There wasnt really much to report the last few weeks.
Every newsletter had to say something about the Government’s planned changes to the Employment Relations Act and the EC decision in Totara farms. Whats interesting about the latter is that some firms took a shoulder-shrug kind of approach and were quite relaxed about the Court questioning the genuineness of a redundany by looking at the Employer’s business plan (whats wrong with that anyway?). For other firms the decision meant that from now on employers are in deep trouble and that the Court had seriously crossed the line this time.
Whatever. This here is actually much more useful – an introduction to UK Employment law, apparently written for possible Chinese investors. Things to note, from a New Zealand perspective, are cascading notice periods, meaning the longer the service, the longer the notice – similar to the respective provisions under German law. Minimum statutory holidays are – surprise – longer (28 days!), but the big difference is the sick-pay entitlement – a massive 28 weeks (!) max in any 3 year period. How shameful in comparison New Zealands embarrassingly low 5 days per year, accumuluating to up to max 20 days.
And in other news, the German Federal Employment Court ruled that an employer is entitled to pay older employee’s with longer service LESS redundancy pay and held that this is not discriminatory. Why not? Because redundancy (severance) pay is designed as a bridging payment during the unemployment period till new employment is found. Older employees, however, can be quite close to retirement age and can only potentially be looking for new employment for a short period pf time. The Court held that an employer is entitled to consider this and reduce the redundancy payment accordingly. Which makes sense.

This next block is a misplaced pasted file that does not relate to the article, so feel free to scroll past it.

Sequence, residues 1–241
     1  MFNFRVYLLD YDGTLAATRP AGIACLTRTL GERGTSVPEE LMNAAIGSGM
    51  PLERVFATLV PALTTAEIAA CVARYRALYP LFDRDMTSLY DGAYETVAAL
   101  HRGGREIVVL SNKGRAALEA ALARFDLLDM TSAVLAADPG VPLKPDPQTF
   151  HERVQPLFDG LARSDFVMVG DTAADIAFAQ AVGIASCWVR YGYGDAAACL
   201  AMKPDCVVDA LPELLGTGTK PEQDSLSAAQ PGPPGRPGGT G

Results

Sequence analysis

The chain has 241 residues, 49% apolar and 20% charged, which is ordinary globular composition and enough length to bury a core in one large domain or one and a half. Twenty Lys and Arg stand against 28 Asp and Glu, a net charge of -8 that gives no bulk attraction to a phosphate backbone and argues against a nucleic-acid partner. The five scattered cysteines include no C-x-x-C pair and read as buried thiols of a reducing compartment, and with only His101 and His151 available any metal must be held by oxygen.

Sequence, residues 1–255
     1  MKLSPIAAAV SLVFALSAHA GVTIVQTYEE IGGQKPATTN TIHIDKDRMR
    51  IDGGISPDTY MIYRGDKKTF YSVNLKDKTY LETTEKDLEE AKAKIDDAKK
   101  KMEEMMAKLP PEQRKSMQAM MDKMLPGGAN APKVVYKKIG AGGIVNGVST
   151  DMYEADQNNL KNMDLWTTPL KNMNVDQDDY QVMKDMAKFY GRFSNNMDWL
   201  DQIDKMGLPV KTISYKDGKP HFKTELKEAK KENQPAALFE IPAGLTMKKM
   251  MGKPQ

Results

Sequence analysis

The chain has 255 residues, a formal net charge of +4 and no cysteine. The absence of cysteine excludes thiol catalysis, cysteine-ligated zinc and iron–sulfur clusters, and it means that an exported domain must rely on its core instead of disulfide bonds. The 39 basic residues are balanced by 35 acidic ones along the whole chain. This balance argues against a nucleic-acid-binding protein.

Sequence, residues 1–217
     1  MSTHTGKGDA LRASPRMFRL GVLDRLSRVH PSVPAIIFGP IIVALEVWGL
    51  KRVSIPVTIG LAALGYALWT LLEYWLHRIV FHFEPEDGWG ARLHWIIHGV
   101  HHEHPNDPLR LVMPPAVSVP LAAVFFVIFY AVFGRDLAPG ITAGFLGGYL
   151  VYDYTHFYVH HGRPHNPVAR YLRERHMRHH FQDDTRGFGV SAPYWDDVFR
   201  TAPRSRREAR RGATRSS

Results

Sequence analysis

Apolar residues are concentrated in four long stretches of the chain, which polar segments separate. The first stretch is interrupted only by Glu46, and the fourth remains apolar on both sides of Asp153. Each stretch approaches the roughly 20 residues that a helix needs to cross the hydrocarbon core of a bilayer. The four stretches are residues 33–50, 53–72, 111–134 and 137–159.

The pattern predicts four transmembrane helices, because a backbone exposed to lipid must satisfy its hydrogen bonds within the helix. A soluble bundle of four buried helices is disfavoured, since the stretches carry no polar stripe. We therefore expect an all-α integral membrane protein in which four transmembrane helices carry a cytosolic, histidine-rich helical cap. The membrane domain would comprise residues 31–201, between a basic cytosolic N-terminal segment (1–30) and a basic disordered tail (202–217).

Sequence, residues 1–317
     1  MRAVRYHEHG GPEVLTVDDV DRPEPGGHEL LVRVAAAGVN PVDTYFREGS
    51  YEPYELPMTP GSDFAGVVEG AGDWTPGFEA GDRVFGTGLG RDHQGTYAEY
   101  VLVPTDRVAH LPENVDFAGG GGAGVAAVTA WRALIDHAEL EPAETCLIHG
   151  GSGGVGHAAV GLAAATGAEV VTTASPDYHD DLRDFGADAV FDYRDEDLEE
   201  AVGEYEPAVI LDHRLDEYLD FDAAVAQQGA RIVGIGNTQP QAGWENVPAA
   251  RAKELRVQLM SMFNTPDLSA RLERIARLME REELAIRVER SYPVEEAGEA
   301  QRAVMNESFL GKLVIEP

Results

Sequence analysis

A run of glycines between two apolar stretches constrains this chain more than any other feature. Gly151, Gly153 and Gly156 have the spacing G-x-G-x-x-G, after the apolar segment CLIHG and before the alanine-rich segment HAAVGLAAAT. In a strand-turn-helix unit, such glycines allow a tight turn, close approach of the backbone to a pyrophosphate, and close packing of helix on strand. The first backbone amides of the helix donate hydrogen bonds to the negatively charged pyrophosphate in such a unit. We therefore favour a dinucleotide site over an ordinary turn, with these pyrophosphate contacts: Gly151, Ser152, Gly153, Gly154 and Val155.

And the final news is again from Gernany. A decision from the Federal Employment Court about the calculation of contributory payments to the federal pension scheme. Whats interesting here is that I could not even understand hat the problem was and what the Court actually decided. Which either shows that I have been away from Germany too long or that the matter is just too technical. Although the former is true, the latter is likely as the Federal Employment Court has its own division (!) dealing only with pension matters. Gee.